My week-long honeymoon in Vail ended up being a pretty good test of how much of a computer I really need to get by.  As it turns out, my year-old Toshiba T135-S1305 fits the bill admirably, and it cost me less than $500 new.

Besides my phone and Kindle, this laptop was all I brought to Vail to handle our infotainment needs, and as we ended up vegging in front of the TV a lot on this trip, we used it a lot.  I had loaded up several hours of television before we left as well as an assortment of cables to hook up to whatever TV would be in our condo, and with that minimal preparation, we ended up having all the entertainment we wanted.  This included locally-stored videos, videos we downloaded via bittorrent after we ran out of what I brought, episodes on Hulu, Netflix streams, Rhapsody music streams, and some Flash sermon video.  I also ended up blogging throughout the trip, which I hadn’t originally planned.

Although it’s got a low-power CPU (which lets it get around 8-hour battery life), it features two cores and proved capable of powering a 720p monitor just fine via its built-in HDMI port.  While streaming Sherlock in HD from Netflix it stuttered a bit at first, but eventually hit its stride and played smoothly.

It’s also got a good keyboard with which I was able to blog easily, and although its built-in flash memory slots don’t support CompactFlash, I brought an adapter which enabled easy uploading of pictures to the blog as well.  On the note of blogging, I tried out Windows Live Writer for all of these posts and after adding the appropriate .htaccess permissions to my Wordpress-based website, it’s worked flawlessly.  It’s much easier to type up a post and embed local pictures using its native Windows interface than the browser, and there’s less fear of losing your work as it doesn’t require an internet connection until you hit “publish.”  Pretty nice program for free, I must say.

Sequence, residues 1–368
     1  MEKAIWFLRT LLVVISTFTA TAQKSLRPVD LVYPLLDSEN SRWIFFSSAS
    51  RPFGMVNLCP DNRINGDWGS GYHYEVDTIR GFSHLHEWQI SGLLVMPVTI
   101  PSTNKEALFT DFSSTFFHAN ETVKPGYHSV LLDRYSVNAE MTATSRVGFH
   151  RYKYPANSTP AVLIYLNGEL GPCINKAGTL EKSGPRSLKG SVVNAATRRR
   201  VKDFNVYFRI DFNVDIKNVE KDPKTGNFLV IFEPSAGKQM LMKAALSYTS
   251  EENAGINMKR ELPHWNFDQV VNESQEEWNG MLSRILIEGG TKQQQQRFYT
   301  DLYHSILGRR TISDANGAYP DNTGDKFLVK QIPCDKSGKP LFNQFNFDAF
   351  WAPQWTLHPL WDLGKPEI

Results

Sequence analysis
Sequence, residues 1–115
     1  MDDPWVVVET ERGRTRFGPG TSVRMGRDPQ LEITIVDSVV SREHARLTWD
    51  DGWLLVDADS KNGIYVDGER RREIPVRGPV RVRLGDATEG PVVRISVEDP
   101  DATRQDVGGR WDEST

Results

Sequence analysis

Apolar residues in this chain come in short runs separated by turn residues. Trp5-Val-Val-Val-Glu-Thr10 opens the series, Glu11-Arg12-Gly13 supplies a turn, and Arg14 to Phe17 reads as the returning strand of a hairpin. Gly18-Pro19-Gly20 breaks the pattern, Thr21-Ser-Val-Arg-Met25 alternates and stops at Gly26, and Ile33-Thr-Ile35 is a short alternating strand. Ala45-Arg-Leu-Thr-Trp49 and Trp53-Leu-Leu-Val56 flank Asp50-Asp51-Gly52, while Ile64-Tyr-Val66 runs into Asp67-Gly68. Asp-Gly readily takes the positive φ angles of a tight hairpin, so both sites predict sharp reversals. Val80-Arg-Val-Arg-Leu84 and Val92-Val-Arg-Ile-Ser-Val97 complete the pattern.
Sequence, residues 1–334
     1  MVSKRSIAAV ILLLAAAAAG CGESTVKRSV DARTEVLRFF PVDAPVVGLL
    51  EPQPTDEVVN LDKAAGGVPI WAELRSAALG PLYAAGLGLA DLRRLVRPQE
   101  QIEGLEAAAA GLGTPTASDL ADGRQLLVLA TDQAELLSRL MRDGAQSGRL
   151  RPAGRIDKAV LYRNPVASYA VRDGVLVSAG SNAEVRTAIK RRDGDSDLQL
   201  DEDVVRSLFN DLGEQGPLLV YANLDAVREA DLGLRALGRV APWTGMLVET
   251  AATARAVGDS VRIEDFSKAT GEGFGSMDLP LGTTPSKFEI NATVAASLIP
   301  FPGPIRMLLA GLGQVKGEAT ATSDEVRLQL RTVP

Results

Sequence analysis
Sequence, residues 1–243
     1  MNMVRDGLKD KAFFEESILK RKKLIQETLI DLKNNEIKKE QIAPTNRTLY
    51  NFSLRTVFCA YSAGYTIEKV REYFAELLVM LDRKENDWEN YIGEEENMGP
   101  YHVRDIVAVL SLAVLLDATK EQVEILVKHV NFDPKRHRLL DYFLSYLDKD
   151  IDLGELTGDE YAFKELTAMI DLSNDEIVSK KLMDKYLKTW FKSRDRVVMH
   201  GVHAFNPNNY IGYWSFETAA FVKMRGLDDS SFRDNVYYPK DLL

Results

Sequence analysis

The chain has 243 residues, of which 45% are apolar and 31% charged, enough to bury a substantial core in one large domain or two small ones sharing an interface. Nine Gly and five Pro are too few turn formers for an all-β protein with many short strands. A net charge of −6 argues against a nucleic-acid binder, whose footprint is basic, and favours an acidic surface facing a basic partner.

Anyway, all this is to say that I was completely happy with my Toshiba’s capabilities on this trip and found that I wasn’t unable to do anything I wanted.  Which is to say, a low-end laptop running a true OS is all I need to do most computing things these days, including more intense things like streaming HD video.  And if you’re in the market for a cheap, very portable laptop, I must recommend this Toshiba as it’s been great both on this trip and for the last year doing work-related stuff with it.  The only negative I’ve found is the glossy body finish picks up fingerprints and finger oils like nobody’s business and ends up looking pretty nasty.  It bugs me all the time, but the laptop’s been so good otherwise I can’t help but still recommend it.

I can’t help but also point out that I’m relieved I didn’t bring my iPad 2 instead of the laptop in hopes that it would do enough.  It couldn’t have stored on its modest hard drive all the TV show episodes I ended up bringing, lengthy blog posts would have been really frustrating to type, uploading images from my camera would have been impossible, downloading more episodes of Masterchef Australia via bittorrent would have been impossible, and outputting the video via HDMI would have required a $50 adapter I don’t have.  This further confirms my conclusions that the iPad is nice to have around the house, but is not a “real computer” that can reliably replace even a cheaper, low-end laptop for as short a time as a week.

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